September 2021

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Author:
Ludovico Lami
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Given a system of massive quantum harmonic oscillators, how can we test whether their gravitational interaction is classical or quantum? Here we propose a general Gedankenexperiment to do so and benchmark it, i.e. we show how to determine the threshold beyond which one can claim that gravity behaves as a quantum interaction Hamiltonian instead of a classical field. The remarkable aspect of our approach is that it bypasses completely the problem of how a classical gravitational field may interact with the quantum oscillators. Using a delightfully simple trick from quantum information, we are able to give a bound that applies to all physically conceivable scenarios at once. We find that in a certain regime the best classical strategy introduces an error that grows linearly with time, with a coefficient that depends on the geometry of the system.

 
 
 
 
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Author:
Simon Morelli
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Entanglement shared among multiple parties presents complex challenges for the characterisation of different types of entanglement. One of the most basic insights is the fact that some mixed states can feature entanglement across every possible cut of a multipartite system, yet can be produced via a mixture of partially separable states. To distinguish states that genuinely cannot be produced from mixing partially separable states, the term genuine multipartite entanglement was coined. All these considerations originate in a paradigm where only a single copy of the state is distributed and locally acted upon. In contrast, advances in quantum technologies prompt the question of how this picture changes when multiple copies of the same state become locally accessible. Here we show that multiple copies unlock genuine multipartite entanglement from partially separable states, even from undistillable ensembles, and even more than two copies can be required to observe this effect. With these findings, we characterise the notion of partial separability in the paradigm of multiple copies and conjecture a strict hierarchy of activatable states and an asymptotic collapse of hierarchy. https://arxiv.org/abs/2106.01372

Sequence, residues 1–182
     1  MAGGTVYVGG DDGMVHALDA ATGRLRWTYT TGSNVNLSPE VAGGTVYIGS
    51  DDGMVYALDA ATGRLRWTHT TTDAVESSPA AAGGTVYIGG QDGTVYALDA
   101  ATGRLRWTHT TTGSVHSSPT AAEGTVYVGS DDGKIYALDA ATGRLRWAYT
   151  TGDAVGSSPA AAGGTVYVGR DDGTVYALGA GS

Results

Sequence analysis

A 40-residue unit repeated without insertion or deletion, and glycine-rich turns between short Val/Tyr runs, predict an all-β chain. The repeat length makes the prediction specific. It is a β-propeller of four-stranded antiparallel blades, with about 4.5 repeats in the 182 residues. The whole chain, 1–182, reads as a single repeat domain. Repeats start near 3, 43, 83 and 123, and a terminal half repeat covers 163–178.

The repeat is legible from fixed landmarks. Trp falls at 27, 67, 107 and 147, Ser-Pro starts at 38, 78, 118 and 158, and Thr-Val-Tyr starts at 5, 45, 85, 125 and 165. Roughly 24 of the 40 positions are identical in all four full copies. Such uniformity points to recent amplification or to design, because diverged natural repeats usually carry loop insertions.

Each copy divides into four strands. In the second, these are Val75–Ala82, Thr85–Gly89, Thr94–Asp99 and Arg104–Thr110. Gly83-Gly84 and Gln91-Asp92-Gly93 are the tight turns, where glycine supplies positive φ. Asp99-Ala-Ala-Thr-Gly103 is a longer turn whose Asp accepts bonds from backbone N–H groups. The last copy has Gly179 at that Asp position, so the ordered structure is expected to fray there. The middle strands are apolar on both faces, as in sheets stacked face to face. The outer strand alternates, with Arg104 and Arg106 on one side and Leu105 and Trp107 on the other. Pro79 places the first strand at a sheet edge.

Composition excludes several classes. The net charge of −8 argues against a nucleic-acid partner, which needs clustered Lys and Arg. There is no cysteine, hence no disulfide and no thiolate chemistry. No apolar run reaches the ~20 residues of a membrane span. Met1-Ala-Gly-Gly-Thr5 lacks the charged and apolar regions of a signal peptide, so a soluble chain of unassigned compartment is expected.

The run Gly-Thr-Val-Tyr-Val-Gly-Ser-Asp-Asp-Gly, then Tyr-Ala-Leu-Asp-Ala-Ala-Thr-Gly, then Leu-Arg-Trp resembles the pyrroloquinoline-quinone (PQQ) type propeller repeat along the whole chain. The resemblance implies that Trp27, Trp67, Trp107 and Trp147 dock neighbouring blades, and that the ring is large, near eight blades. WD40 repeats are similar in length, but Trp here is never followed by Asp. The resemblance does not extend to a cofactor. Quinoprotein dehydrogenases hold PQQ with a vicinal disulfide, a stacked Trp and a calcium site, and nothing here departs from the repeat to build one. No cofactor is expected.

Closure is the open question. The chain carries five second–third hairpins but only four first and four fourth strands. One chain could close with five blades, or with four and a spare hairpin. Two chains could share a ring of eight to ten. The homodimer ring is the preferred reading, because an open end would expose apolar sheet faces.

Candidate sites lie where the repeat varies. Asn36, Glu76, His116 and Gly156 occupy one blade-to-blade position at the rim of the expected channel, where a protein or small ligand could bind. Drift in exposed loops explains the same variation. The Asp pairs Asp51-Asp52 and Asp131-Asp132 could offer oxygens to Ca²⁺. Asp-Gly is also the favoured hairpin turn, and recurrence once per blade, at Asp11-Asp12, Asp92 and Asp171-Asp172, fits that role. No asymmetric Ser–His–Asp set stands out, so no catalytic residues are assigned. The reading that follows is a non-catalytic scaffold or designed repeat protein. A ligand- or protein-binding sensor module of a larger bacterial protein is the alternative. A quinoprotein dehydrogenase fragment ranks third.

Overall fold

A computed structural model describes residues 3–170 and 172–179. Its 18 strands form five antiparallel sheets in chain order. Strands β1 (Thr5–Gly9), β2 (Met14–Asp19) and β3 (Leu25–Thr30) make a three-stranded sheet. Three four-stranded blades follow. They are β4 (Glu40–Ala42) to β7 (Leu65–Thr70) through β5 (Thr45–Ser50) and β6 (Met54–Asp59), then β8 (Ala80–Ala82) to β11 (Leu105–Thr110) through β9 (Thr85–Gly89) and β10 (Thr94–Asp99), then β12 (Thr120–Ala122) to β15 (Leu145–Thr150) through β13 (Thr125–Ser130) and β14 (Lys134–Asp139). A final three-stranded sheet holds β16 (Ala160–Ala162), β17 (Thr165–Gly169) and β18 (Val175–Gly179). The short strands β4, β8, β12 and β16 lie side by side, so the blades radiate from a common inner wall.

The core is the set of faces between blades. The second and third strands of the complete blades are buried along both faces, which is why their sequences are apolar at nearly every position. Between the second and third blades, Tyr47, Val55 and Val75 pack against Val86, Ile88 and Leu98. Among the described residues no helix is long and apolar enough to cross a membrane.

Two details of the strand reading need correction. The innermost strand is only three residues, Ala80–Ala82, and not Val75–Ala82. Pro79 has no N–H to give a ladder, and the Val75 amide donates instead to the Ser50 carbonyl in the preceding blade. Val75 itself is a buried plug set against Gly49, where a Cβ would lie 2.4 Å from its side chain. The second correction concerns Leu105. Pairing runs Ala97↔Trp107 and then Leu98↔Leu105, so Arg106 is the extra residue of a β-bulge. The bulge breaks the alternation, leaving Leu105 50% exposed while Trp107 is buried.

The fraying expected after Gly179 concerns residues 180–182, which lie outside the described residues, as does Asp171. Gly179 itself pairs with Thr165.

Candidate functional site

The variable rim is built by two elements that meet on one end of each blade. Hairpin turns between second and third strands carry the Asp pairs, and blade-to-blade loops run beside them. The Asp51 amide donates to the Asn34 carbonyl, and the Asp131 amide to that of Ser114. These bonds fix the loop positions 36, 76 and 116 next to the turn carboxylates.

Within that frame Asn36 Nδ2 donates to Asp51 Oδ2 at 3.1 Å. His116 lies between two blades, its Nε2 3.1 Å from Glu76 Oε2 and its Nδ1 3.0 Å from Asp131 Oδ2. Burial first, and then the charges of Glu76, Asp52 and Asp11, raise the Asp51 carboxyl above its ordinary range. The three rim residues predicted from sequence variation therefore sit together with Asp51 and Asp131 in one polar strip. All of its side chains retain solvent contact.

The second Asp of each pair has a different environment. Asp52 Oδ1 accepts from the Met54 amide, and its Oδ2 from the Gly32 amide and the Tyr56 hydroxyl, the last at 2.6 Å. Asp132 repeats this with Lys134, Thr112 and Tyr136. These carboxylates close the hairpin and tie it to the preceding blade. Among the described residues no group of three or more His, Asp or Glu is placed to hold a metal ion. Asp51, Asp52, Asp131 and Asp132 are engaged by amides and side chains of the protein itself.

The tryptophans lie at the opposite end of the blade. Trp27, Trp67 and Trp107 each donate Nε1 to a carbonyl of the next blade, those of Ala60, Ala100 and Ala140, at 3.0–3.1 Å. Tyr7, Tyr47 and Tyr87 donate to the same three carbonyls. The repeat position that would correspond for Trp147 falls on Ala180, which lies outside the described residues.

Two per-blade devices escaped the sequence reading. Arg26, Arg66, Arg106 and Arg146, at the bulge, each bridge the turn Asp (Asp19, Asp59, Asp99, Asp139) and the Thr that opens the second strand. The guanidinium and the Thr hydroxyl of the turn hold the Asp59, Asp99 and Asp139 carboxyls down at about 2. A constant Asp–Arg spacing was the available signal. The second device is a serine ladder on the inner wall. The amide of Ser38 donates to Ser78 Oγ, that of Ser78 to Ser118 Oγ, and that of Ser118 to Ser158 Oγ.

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Author:
Matt Hoogsteder Riera
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Metrics between quantum states all share the property that they are calculated relying only on the vectorial structure of the space. This makes it so other potentially interesting properties of the states, such as energy, are ignored in these distinguishability measures. We aim to characterise a distance between quantum states that can take into account such properties. To this purpose, we are trying to extend the concept of transport metrics from probability distributions to density matrices. This rises some problems and questions that we aim to solve. In this talk, I will briefly explain the topic of both classical and quantum transport. I will explain our motivations and objectives as well as our latest attempts at fulfiling these objectives.

 
 
 
 
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